November 6, 2012
Late last week, Apple announced that Scott Forstall was leaving the company. Many newbies to Mac, iDevices, and Apple in general may not know what the big deal is. Well, here’s the story:
Scott Forstall was an integral part of the design team for many Apple products. Not all of his decisions, however, were well received by the general public. They were also not well received by other bigwigs at Apple either, which led to the current situation.
Forstall was a huge proponent of a design theory called skeuomorphism, which is – in short – application of physical-world textures to digital vision. Basically things like the leather texture and stitching on things like the iPad calendar and some of the icons (like Find My Friends) on other iDevices are a great example of this design philosophy. Textures and “look and feel” points from real-world objects (desk calendars and leather covers) are applied to purely non-physical concepts (digital calendars and icons). For some folks, the merging of the real-world and the digital world makes software more humanized and easier to relate to. For others, the “window dressing” takes up valuable screen real-estate and doesn’t offer any true benefit.
Until recently, most people had seen and used desk calendars and blank notebooks with physical covers to write things in at least at some point in their lives on a daily basis. Today, there is an entire generation who’s gone mostly paperless, and may not even relate to the skeuomorphic attributes of these software platforms at all. Yeah, they look nice, but they don’t add anything to the software for those folks and detract from the overall surface area that can be used for more important information.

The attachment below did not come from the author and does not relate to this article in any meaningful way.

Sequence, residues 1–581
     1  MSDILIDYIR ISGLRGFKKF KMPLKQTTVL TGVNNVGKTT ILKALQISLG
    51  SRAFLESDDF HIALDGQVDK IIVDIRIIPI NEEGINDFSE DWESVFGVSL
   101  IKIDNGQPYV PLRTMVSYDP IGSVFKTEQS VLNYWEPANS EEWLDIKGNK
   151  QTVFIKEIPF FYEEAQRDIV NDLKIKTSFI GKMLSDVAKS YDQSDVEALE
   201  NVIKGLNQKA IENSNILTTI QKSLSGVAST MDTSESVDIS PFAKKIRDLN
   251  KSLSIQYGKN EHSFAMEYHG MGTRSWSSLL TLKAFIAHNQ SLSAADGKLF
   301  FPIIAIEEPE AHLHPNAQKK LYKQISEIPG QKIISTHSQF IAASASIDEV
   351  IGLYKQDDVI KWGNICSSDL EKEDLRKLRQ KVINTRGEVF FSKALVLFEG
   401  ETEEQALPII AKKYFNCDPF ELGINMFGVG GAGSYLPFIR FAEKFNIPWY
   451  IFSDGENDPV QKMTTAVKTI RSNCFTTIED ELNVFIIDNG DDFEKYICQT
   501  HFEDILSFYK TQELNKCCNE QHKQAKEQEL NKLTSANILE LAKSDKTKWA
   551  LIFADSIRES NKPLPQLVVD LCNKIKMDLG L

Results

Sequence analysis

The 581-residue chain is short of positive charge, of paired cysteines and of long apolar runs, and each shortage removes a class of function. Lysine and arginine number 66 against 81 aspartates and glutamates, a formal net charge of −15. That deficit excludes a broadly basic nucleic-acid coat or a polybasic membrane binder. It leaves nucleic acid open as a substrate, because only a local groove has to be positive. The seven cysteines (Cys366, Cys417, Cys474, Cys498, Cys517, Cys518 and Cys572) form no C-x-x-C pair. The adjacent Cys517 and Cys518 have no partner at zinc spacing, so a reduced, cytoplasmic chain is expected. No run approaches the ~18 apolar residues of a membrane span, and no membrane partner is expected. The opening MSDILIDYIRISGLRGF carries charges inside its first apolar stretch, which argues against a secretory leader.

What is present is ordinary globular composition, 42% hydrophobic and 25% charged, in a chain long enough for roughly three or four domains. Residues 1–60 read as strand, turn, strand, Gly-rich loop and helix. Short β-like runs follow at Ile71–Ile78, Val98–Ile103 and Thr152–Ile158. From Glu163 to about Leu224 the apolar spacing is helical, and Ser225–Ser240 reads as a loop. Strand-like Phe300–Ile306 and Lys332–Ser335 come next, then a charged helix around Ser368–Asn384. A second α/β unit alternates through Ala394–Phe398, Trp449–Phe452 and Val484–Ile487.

Johnny Ive and most of the other Apple designers wanted to move in the direction of cleaner lines, with digital-focused interfaces that were recognizable both to people who worked on pen-and-paper objects and software. When the tipping point came, Ive’s group outnumbered Forstall’s group, and he was out the door.
Things also went south because Forstall was in command of the high-profile failures of Apple Maps and other mis-steps in iOS 6. The very public failure of those apps, combined with a power loss in his design philosophy meant his days with Apple were numbered.
So what does this mean for the average Apple gear user? Not a whole lot, overall, but many little things will change. Software on the Mac and iDevices will start to lose the little real-world texture touches we’ve seen over the years. That process started back with Leopard, but will become even more prevalent now. Lines will be cleaner, sharper, and more digital – with more useable screen space taken up by information and data, instead of leather and cloth textures.
Scott Forstall will be missed. Some of those skeuomorphic touches were quite beautiful, but in the end, cleaner lines and less window dressing will make devices more useable and functional. No one can debate that this is a good thing for Apple gear users.